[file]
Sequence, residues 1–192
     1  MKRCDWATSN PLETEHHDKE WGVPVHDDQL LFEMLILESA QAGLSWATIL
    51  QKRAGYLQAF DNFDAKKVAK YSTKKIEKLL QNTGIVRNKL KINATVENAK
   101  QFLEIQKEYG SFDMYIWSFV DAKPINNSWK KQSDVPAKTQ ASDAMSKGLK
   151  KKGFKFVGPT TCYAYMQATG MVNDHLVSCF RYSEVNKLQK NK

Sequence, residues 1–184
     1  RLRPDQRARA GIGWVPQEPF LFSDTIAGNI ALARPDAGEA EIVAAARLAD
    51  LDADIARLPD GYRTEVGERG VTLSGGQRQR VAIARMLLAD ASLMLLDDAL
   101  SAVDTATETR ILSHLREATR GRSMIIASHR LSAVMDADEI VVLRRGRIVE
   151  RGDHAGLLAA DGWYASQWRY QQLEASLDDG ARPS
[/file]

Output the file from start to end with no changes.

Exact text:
Sequence, residues 1–192
     1  MKRCDWATSN PLETEHHDKE WGVPVHDDQL LFEMLILESA QAGLSWATIL
    51  QKRAGYLQAF DNFDAKKVAK YSTKKIEKLL QNTGIVRNKL KINATVENAK
   101  QFLEIQKEYG SFDMYIWSFV DAKPINNSWK KQSDVPAKTQ ASDAMSKGLK
   151  KKGFKFVGPT TCYAYMQATG MVNDHLVSCF RYSEVNKLQK NK

Sequence, residues 1–184
     1  RLRPDQRARA GIGWVPQEPF LFSDTIAGNI ALARPDAGEA EIVAAARLAD
    51  LDADIARLPD GYRTEVGERG VTLSGGQRQR VAIARMLLAD ASLMLLDDAL
   101  SAVDTATETR ILSHLREATR GRSMIIASHR LSAVMDADEI VVLRRGRIVE
   151  RGDHAGLLAA DGWYASQWRY QQLEASLDDG ARPS